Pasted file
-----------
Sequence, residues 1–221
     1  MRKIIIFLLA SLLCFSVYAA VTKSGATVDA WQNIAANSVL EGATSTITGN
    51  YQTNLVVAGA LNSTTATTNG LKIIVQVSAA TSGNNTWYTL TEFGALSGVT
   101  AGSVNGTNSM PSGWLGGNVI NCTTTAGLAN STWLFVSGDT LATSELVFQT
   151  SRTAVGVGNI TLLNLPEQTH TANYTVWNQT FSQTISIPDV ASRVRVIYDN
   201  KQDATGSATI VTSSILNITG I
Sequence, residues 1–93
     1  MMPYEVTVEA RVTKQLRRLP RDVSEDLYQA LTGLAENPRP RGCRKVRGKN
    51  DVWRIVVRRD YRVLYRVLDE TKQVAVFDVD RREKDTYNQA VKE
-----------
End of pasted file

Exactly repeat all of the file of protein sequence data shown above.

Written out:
Sequence, residues 1–221
     1  MRKIIIFLLA SLLCFSVYAA VTKSGATVDA WQNIAANSVL EGATSTITGN
    51  YQTNLVVAGA LNSTTATTNG LKIIVQVSAA TSGNNTWYTL TEFGALSGVT
   101  AGSVNGTNSM PSGWLGGNVI NCTTTAGLAN STWLFVSGDT LATSELVFQT
   151  SRTAVGVGNI TLLNLPEQTH TANYTVWNQT FSQTISIPDV ASRVRVIYDN
   201  KQDATGSATI VTSSILNITG I
Sequence, residues 1–93
     1  MMPYEVTVEA RVTKQLRRLP RDVSEDLYQA LTGLAENPRP RGCRKVRGKN
    51  DVWRIVVRRD YRVLYRVLDE TKQVAVFDVD RREKDTYNQA VKE